Extensive evidence has demonstrated that hemispheric specialization and behavioural lateralization are widespread among all vertebrate classes, and can not at all be any longer considered as unique to the human brain. Animal models can though now be used to look at the neuronal processes governing lateralized functions and to try and answer questions concerning the function, other than the structure, of cerebral lateralization. Birds provide a most interesting animal model, as the virtually complete decussation at the optic chiasm enables selective engagement of left and right cerebral structures. We report data recently obtained in our own and in several other laboratories from birds (mostly from the domestic chick, but also from pigeons and other avian, but not only, species) observed in monocular conditions of vision (i.e., through the use of eye patches, or by simply scoring the bird's spontaneous lateral fixations). A lateralised bias in behaviour is found in many complex tasks, bettering our understanding of the cognitive aspects of animal brain lateralization: the left and right cerebral structures are differentially involved in the different tasks, such as those involving visual perception of objects, representation of space, working memory, etc. Striking similarities are found between data coming from the different animal species and our own. Ontogenetic and phylogenetic aspects of animal brain lateralization are also discussed.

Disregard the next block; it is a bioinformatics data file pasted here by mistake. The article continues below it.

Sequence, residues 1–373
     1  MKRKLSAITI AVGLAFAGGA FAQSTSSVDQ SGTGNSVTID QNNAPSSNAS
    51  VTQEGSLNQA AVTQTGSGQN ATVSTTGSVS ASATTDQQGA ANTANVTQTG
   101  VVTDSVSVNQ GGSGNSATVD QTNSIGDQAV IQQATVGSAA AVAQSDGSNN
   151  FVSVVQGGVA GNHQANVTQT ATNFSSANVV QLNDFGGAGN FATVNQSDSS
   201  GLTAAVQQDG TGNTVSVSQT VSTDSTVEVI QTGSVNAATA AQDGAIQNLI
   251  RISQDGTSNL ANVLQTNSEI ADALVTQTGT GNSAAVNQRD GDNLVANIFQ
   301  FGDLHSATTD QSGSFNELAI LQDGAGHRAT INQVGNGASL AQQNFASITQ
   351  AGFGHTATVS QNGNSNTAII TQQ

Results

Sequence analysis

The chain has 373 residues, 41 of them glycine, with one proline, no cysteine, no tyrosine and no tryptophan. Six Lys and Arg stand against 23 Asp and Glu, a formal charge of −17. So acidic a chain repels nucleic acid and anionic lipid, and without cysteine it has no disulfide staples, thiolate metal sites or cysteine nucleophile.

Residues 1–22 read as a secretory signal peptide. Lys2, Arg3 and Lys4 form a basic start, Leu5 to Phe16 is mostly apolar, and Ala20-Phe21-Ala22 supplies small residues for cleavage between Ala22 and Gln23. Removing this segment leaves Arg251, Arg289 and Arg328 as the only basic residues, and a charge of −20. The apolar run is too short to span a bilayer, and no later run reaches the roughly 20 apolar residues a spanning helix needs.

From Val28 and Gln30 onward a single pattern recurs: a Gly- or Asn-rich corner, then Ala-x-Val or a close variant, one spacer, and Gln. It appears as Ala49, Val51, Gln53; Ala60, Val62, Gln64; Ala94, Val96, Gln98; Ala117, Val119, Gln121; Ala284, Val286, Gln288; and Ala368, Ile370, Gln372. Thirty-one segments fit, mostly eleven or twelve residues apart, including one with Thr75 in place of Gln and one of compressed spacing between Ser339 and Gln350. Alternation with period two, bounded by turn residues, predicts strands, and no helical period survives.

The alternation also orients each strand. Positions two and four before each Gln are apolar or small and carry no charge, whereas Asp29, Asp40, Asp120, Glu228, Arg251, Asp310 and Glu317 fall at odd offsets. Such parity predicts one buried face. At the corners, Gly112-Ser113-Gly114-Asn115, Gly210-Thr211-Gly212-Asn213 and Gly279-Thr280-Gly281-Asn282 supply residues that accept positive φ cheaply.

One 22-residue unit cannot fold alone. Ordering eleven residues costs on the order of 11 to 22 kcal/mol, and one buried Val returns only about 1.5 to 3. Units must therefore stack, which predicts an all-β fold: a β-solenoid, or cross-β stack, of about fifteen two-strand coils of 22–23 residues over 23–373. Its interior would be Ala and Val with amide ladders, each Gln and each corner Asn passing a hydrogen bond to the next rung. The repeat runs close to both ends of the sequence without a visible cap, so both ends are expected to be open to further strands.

Keywords: cerebral lateralization, brain asymmetry, brain lateralization, lateralization, laterality, evolution of lateralization, development of lateralization.